Floating logos

Photographer, Matt Siber has grabbed my attention with his showcase of floating logos.

“Inspired by the proliferation of very tall signs in the American Mid-West, Floating Logos seeks to draw attention to this often overlooked form of advertising.”

McDonalds logo

Philgas logo

Subway logo

It makes me think about the visual impact humans have on the environment, and how we’re constantly bombarded with signage. That’s one reason why I love living near the sea. Seascapes always look relatively untouched (except on the oversea flight path to Schiphol Airport).

“The Floating Logos project consists of two series. Series I is the earlier set of images that do not include the ground below the sign. Series II is in the spirit of traditional landscape photography and shows the signs floating in context with the landscape below.”

Via Khoi Vinh

18 responses

  1. Hi,

    This is great, and makes something we see everyday become a piece of art. Reminds me of the channel 4 advertising campaign where the signs and building become the number 4.

    Great stuff


  2. Mali,

    Those Channel 4 ads are great. I’ve admired their campaigns and branding for some time now.


    I wouldn’t say they all look dated. For me, a couple do, such as Lowe’s and the Burger King example, but I find the Bank of America, Jack in the Box, and Shell logos to be pleasing amongst the rest.

  3. Very cool. The signage looks totally different when the pole is removed. Isolated from everything. I enjoy the new perspective. Thanks!

  4. I think these photos are beautiful! Without the pole attached, the logos looked framed in the blue sky. They look cleaner for some reason and pop.

    But I will also say that this also a pretty frightening thing. Imagine the sky line cluttered with ads and logos?

    I live in Miami, and ads or posted everywhere. Off I-95 large banners are placed on sides of 30 story buildings, covering one whole side. In some areas you cannot even see the architecture at all… you just see 200 ft tall ads. I think there needs to be a line drawn, and a limit to where advertising can be placed.

  5. Sad. Art interrupted. As in the art of the sky and landscape. But this is what actually meets me on drives outside of my town. Sometimes rows of billboards from the same company, and always the tall signage.

    Looking at it from the perspective of a field and set of companies/businesses/advertisers/designers/consumers, the signs are heavenly bodies floating with the promise of provision.

    Looking at it from the perspective of a human/nature lover/rest&relaxation seeker/”give me land lots of land under starry skies above”er, it makes me want to stop the distractions already. I mean, when does it end? I wish that the aforementioned parties (so everyone) would take the Miracle on 34th Street Principle, and make signage as discrete as possible thereby attracting the attention of consumers in this day&age of meaningless consumption. You know, mesh with the landscape rather than offending it.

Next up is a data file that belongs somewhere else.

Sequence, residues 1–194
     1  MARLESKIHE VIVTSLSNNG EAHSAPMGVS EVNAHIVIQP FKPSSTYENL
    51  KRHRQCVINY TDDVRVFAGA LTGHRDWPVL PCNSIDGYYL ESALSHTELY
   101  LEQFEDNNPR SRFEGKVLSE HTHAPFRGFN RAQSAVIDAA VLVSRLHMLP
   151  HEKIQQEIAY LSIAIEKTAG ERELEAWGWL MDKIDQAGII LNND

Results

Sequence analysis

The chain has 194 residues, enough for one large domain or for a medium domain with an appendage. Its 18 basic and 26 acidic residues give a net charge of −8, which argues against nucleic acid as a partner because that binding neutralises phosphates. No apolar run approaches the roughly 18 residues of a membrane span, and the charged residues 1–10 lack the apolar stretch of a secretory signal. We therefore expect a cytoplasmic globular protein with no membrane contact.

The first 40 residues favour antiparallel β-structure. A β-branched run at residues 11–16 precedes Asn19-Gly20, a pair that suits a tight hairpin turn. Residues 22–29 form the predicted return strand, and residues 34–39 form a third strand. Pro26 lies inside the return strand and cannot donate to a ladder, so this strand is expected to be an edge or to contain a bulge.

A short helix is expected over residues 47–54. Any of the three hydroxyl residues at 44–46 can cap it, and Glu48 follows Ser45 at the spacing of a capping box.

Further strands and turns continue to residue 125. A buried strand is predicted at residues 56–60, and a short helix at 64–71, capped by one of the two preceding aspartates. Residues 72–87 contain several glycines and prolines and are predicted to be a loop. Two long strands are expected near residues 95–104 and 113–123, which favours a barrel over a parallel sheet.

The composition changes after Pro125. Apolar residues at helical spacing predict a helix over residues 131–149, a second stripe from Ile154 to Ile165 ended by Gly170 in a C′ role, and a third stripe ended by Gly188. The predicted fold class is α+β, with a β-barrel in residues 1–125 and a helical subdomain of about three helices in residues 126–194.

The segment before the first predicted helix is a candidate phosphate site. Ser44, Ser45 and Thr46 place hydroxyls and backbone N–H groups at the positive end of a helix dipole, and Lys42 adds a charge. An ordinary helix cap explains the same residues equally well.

Okay, I’m done. :)

  6. Striking idea.

    I’m hopeful that this isn’t our future though. Power lines are increasingly going underground and the advent of wireless promises a less cluttered sky. Could signage go a similar route?

    I’m not forecasting a decrease in advertising, but people like beauty and when enough people want it, they’ll figure out a way to get it. David, maybe you can encourage a more artistic way to place signs – a sort of atmospheric feng shui. :)

  7. Thanks for the share….This site really lifts my day, mind and creativity. Years ago, II was afraid of my work. By that I mean by strangers and friends mocking my work, even giggling. Then not long ago, I began designing, writing copy, and drawing. I am exhilarated ! I have, after many, many years, that one can’t create for exactly what is excepted from someone else. It takes courage and even terror, to show YOUR Original Artwork.
    My educated guess is, that the young Artists, learning latest techniques and materials, bringing Modern Art full cycle again, will themselves, be pleasantly surprised at the brilliance of Older Classical Artistic Styles,reflected by their oohs and ahhs, just as they did the first time they saw the “Floatiing” Signs!!

  8. Wow, very cool. As others have already said, the signs look completely different sans pole. Designer’s impact on the world as we know it is so much bigger than most realize.

  9. Tjeerd,

    Ah, no worries at all, and no need to apologise. Typed thoughts can often lead to a crossing of wires.


    I believe Photoshop was used to edit these images, removing the signage support.

    Sorry I can’t respond to each of you individually. I took a day off yesterday to attend my aunt’s wedding (the groom volunteered me as official photographer) and have just returned to a daunting amount of emails.

    Thanks very much, though, for adding your thoughts.

  10. I attempted to go a week without reading anything and found it impossible, because logos are everywhere. I was able to avoid reading blogs and newspapers and books and emails, but a logo or brand name would catch my eye and I would have read it before I realized I was…

    (It was a fascinating experiment and I highly recommend trying it no matter how dependent you think you are on reading. Your mind does great things when not filled with other people’s words.)

  11. Couldn’t agree more with what you said David > “It makes me think about the visual impact humans have on the environment, and how we’re constantly bombarded with signage”.

    As soon as I saw the first image I shuddered. The thought of having these logos (as good as they are) floating in the air is absurd, who would want to live by such things.

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